2. Congrats Jason. I must admit you are the first “First nations” individual I have had meaningful conversations with. Me and the wife hope to get out your way in the near future to meet in person. 🙂

  3. That’s awesome. I pray that the momentum continues and that June will continue to be recognized as National Aboriginal History month each and every year. Kudos to RAPA and to you for your part in it.

  4. I think, as of now I am completely indifferent to this amount of “official” recognition. I can take it or leave it to be brutally honest. For instance, If ‘National Aboriginal Month’ manages to actually help young Aboriginal people discover something about themselves, their immense history (most of which has been bastardized and forever changed, thank capitalism), and then leads them into lifestyle choices that are positive then I would be all for it. But if this “month” is just a token gesture to garner some political support and much needed votes then I will remain indifferent (yes, the NDP plays that game too). We must bear in mind that the Aboriginal populations (primarily in the Prairies) are the fastest growing and youngest population in all of Canada and this has struck a chord with our politicians and their parties.

    In more brutal honesty, I would rather see a celebration based on pertinent statistical data that demonstrates significant employment increases, educational attainment levels being raised (particularly in post-secondary), and health standards in Aboriginal communities being addressed. Call me old fashioned, but a nice day in the park, then watching ‘North of 60’ all month long, and finally listening to boring-out of touch-corrupted-uneducated FSIN chiefs talk all day does not really cut if for me anymore. I just hope that something politically relevant comes out of this campaign.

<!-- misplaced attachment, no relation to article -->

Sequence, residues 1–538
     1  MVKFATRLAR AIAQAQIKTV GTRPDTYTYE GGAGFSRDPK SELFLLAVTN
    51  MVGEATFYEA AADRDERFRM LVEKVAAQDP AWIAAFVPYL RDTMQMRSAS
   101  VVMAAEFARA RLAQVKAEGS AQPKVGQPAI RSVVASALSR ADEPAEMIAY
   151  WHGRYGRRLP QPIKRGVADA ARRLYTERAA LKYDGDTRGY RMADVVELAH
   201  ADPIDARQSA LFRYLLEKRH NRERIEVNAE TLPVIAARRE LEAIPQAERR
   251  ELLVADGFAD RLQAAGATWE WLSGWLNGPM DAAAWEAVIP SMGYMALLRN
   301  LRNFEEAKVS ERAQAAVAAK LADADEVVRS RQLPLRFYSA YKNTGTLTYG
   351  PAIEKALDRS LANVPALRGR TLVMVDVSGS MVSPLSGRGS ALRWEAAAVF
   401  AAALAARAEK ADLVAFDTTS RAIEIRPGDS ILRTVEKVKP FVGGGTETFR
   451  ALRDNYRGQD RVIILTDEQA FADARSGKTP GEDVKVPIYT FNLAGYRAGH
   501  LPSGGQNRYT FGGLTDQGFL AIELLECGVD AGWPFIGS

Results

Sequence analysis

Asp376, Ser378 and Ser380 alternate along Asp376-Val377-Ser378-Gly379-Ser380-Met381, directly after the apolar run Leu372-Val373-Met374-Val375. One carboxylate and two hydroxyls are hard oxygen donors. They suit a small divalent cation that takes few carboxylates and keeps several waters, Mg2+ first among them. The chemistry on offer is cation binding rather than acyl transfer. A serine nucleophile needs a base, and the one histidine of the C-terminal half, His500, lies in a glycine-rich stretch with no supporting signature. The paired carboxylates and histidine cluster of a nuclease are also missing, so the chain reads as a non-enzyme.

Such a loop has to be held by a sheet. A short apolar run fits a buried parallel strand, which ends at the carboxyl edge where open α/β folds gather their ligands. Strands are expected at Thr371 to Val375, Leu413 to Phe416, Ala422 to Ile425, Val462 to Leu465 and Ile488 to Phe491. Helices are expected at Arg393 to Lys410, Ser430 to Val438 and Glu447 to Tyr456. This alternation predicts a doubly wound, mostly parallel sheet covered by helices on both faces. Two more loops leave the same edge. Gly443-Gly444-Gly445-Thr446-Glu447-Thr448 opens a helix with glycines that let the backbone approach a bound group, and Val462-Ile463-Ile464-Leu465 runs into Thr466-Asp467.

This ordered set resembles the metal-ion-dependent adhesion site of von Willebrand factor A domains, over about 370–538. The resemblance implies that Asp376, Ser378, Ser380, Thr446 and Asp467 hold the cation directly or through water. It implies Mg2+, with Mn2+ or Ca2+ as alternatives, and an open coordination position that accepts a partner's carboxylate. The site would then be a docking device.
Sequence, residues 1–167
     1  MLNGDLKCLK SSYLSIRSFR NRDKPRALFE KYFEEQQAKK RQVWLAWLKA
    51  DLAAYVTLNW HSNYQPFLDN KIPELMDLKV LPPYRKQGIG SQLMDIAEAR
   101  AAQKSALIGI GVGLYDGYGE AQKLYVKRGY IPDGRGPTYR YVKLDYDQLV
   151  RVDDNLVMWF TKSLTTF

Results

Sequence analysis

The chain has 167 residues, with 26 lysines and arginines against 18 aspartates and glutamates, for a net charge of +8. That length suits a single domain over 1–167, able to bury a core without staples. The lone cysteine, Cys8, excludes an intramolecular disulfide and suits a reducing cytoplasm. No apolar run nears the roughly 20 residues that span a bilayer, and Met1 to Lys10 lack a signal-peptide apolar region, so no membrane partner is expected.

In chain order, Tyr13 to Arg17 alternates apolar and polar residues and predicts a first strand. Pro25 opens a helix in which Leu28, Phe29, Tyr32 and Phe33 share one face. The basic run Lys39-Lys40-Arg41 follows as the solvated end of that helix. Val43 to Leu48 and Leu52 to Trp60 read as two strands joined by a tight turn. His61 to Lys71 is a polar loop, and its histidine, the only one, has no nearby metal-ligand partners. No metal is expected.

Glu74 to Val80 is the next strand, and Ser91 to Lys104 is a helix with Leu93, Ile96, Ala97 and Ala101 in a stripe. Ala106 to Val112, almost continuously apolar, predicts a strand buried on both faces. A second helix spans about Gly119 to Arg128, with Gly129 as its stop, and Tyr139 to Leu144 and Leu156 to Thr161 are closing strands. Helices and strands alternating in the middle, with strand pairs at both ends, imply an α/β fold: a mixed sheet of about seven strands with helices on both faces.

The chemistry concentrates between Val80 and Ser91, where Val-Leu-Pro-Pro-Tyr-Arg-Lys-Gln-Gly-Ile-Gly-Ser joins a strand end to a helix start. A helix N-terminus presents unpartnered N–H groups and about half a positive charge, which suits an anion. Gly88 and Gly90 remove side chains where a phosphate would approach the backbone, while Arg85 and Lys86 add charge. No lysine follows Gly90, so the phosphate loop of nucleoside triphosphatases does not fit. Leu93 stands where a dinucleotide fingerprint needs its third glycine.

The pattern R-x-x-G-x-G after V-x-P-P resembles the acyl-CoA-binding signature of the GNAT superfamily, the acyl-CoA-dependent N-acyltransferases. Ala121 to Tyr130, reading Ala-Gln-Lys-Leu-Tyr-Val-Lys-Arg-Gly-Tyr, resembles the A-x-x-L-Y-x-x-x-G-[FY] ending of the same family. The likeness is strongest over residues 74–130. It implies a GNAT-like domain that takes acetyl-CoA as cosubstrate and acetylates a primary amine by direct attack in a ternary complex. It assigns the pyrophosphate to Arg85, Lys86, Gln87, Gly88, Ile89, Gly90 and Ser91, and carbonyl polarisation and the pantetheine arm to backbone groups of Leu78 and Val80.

Having an Honours degree in PSCI, doing a Master’s degree directly based on Aboriginal political issues, and knowing the problems first hand I can safely say that I remain firmly skeptical.

    But is this a step forward? Perhaps. But I do not know and the numbers are not yet in for me to state that ‘we have overcome.’

  5. I agree – it’s a step forward – looking for more national recognition and respect for our cultural contribution to the very fabric of what makes Canada a fine country. You have to remember some 40 years back we couldn’t even dream of a day where our cultural festivities were being celebrated like they are today – we had family in jails called Residential schools being forced out of their own skins.

    So for me, it’s a push in the direction I want to see my community and my country go in – about damn time we got some respect. All week I seen Aboriginal programs on SCN – including pieces on Winston Wutenee and Buffy St. Marie…and I like that young kids get to see some role models on that boob tube instead of the same old sitcom garbage.

    The idea is the beginning of a movement in the right direction – yes we need better employment and moving out of the poorer aspects of society – but I aint foolish enough to believe it don’t take 2 cultures to make that dance work.